Sunday, August 27, 2006

Elks Place Pt. II

So, when last we left off, I was standing in front of the newly reopened Walgreen's, looking at the boarded windows of the commercial buildings across the way and waiting for the light to change so I could check out the library, epicenter of my visit to the CBD. Here's a shot of the still-boarded windows to get you in the mood.
With me now? Okay, good.

Among the many questions concerning the hurricane that have echoed endlessly during the past year (why didn't the levees hold? why didn't everyone evacuate? does George Bush really not like black people?), none has been more prominent than the sometimes desperate, sometimes angry strains of "Where was FEMA?" Well, apparently this is one question we can stop asking. FEMA is alive and well and working at the library, along with the mysteriously delinquent Small Business Administration. The library, of course! That's just where I used to hang out in high school when I didn't feel like working. I'd sequester myself somewhere in the stacks and skim through giant volumes on world geography. I also managed to learn hypnosis, juggling, and and the basics of internal combustion engines. I hope that FEMA and the SBA have found their time in the library as enlightening.

But it was good, after all, to see something happening at the library. The main branch now has wi-fi, and it's starting to extend its hours. They're also offering a disaster relief smorgasbord: along with FEMA and SBA, they have an IRS office, the Blue Roof program (bit late for that, eh?), Vets Affairs, Medicaid, insurance mitigation, and coping assistance (there's a bar in the library, too? man, they thought of everything).

New Orleans' public libraries, running on a shoestring before the storm, were on the verge of extinction afterward. They've received some amazing nationwide support (they had to stop accepting book donations after they found they couldn't keep up with the cataloguing). Also, the American Library Association had its annual meeting here--the first major convention to come back after the storm, as far as I know, so take that you lilly-livered surgeons!. Oh, and according to several reliable French Quarter bartenders, the librarians tear it up like nobody's business--voted wildest of the conventioneers, and that's quite a feat. And apparently librarians are very generous, as well. My local branch reopened this summer, thanks in part to their efforts. Fearless boozers who love New Orleans and get to hang around with books all day, definitely my kind of people.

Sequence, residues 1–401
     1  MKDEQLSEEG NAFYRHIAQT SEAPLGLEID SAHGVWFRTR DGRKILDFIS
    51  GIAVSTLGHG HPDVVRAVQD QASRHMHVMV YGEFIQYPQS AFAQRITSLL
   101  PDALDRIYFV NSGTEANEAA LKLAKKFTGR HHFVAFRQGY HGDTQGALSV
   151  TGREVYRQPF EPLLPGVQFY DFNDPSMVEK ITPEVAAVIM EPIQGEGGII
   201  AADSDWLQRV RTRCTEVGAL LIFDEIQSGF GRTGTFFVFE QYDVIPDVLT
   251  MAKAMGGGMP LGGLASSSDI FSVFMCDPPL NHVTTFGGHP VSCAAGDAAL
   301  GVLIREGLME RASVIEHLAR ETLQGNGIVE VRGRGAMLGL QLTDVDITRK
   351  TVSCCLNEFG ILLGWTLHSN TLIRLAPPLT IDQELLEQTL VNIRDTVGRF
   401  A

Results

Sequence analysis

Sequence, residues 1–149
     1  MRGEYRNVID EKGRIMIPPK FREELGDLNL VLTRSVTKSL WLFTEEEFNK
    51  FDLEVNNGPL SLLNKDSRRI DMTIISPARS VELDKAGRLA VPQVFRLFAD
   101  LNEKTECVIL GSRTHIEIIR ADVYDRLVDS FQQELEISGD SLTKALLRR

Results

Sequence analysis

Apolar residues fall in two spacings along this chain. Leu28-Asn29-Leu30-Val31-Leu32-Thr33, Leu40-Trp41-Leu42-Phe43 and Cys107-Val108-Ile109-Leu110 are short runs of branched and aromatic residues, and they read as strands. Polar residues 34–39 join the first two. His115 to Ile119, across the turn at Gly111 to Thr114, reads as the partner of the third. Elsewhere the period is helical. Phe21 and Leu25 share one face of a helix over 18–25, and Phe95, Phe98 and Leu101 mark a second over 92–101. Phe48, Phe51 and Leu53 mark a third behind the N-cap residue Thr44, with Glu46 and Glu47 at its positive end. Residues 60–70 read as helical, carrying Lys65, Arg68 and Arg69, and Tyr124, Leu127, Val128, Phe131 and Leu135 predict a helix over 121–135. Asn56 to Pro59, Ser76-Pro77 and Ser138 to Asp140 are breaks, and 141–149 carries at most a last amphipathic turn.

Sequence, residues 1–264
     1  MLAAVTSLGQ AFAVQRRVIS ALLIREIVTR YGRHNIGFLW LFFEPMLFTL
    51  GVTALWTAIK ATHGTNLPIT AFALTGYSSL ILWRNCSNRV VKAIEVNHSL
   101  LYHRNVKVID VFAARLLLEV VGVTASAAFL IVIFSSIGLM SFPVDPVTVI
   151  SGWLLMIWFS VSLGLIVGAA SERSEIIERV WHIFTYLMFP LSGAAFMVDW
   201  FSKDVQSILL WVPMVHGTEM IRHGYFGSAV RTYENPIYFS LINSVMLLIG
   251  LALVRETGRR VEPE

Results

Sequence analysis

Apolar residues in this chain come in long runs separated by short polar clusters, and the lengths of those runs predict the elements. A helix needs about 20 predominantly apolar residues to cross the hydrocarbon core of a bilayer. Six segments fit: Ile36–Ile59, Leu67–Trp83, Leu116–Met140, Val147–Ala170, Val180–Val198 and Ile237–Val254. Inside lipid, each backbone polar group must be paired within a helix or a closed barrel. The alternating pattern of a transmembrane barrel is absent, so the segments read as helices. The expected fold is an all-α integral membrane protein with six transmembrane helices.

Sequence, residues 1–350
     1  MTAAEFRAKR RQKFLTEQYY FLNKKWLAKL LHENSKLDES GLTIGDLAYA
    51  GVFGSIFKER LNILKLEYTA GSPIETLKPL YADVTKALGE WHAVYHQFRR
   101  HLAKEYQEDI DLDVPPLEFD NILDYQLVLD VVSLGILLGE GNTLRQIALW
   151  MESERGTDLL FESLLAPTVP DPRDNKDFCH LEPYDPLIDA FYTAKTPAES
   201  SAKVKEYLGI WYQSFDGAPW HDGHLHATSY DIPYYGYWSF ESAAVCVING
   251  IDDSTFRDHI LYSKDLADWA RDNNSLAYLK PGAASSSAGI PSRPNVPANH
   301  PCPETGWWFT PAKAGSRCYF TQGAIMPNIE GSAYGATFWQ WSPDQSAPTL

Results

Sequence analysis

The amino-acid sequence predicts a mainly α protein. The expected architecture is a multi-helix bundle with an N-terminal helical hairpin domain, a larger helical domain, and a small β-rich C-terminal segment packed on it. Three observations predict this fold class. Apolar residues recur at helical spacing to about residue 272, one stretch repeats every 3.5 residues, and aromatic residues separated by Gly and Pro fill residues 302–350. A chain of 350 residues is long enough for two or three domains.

While I was scribbling down the various services available at the main branch, the security guard came over and glowered at me through the glass doors, so I figured it was time to move along. Since I was so close to Poydras, I decided to meet the wife and a good pal for dinner and to complete the final portion of my task at a nearby restaurant. Dinner was sushi, drink was Sapporo. Oh, and this is what happens when Komei Horimoto gets playful, the Rocking Dragon.
And it tastes even better than that, really. Actually, it's a bit of a crime to order rolls in that place; I feel that every piece of fish there should come with a resume, or at least a brief bio.

From the restaurant, we went to the Circle Bar to hear McMurray perform. He was in a foul mood at the start, which made for a brilliant show. He did cheer up enough that he managed not to wrap his guitar around the neck of the dude who requested "She Talks to Angels." Shame, that. Oh, and McMurray has a new song about post-K N.O.: "You gotta be crazy." Not my favorite of his, but far and away the best Katrina-related song I've heard to far. Ay-yi-yi, what miserable maudlin pap it all be, my dear temporizing triumverate. WWOZ has been relentless with the stuff over the past few days. And the anniversary is bearing down: NYT has a new page 1 on it every day, and now that silly paper with all the color graphics is joining in with stories about the important work of football running backs in the recovery effort, and everyone in the national media was just salivating at the thought that Ernesto, that headless puta, would help us mark the anniversary with a little reenactment. Christ. I think I'll reenact instead one of my favorite scenes from Walker Percy and crawl up in a tower overlooking a forest somewhwere, a bottle of Bourbon tucked in my jacket pocket. There may need to be a priest on hand, if this is to be truly faithful to Dr. Percy. Yeah, I think that's how I'll spend the anniversary. To hell with Thanatos.


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